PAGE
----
Live Shiners For Lunker Largemouths
Most avid anglers know that Florida is one of the top spots in the bass world for giving up 10-pound plus largemouths. But many people who have never fished the Sunshine State mistakenly believe monster bass swim in virtually every lake, river and stream, and are comparatively easy to catch. Such a notion, of course, is ridiculous.
Ten-pounders are never easy to come by, even in the prime big bass waters of Florida. But as in every region, there are some specially-skilled fishermen who have the uncanny ability to catch tremendous numbers of giant largemouth bass. Such a man is professional bass fishing guide Johnny Doub, who lives on Lake Kissimmee.
Johnny, age 60ish, is a native Floridian, born in Jacksonville. He caught his first 10- pound largemouth at age 16, and he’s been catching such fish ever since. Thirty years ago he moved to Salt Springs, located in North Florida’s remote Ocala National Forest. He moved to Salt Springs because there are many hundreds of prime, bass-filled lakes, ponds, rivers and streams within a one hour’s drive of his home. During his 20 years of full-time, professional guiding there, Johnny averaged 40 to 50 bass each weighing over 10 pounds every year for his fishing clients.
“Almost all my clients are interested only in catching a big, mounting-size largemouth bass, and there simply is no better bait or lure for consistently taking giant Florida fish than a frisky, wild shiner about 6-inches long,” says Johnny with a wry smile. “Although bass will eat about anything they can catch – and I’ve found eels, snakes, crayfish, bluegills and even small bass in their stomachs – big shiners are their number one preferred food.”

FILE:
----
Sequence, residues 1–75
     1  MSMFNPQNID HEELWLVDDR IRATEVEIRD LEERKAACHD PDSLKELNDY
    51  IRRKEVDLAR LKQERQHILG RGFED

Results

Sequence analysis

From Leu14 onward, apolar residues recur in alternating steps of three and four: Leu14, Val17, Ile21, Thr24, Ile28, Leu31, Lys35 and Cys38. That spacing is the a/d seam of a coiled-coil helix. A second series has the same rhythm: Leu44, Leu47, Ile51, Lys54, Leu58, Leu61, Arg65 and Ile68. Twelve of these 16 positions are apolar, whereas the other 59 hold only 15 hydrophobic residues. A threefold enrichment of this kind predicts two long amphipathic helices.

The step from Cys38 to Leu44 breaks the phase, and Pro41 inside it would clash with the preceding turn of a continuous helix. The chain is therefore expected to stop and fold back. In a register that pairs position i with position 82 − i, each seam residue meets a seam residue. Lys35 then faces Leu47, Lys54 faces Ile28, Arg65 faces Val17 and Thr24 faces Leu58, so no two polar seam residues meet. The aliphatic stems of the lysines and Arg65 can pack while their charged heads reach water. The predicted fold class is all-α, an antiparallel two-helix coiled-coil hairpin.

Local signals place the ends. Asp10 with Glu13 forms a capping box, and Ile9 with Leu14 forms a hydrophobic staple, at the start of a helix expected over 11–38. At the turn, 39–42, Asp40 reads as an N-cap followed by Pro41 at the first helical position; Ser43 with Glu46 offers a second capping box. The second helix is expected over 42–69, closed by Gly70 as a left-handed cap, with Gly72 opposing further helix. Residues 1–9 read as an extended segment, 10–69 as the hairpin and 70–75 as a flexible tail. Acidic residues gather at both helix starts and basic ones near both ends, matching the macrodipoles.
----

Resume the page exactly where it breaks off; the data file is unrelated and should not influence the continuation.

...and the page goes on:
Johnny is emphatic about the use of “wild” shiners, saying all too frequently anglers use so-called “hatchery” shiners, but quickly learn they are not effective.
“A hatchery shiner has been raised in such a sterile environment it doesn’t know what to do when it’s fished in an open bass environment,” Johnny explains. “It won’t swim into cover or weeds like a wild shiner, and it doesn’t react as well when bass are around. I also think some hatchery shiners give off an unpleasant odor from chemicals placed in hatchery tanks that may be repulsive to largemouths.
“Yet a lot of people still use the little silvery hatchery shiners instead of the ‘wild’ ones because good ‘wild’ or ‘river’ shiners are much more expensive. Sometimes, in some places when fishing is good and bait is scarce, they can sell for nearly $30 per dozen. Wild shiners only can be caught from the wild, they can’t be raised in captivity. There’s a lot of work involved netting wild shiners, and keeping them alive. But wild shiners are 10 times more effective than hatchery-raised ones. Wild shiners are so deadly for big Florida bass that if bigmouths don’t take them you might as well go home, because nothing short of dynamite is going to produce more bass for you.”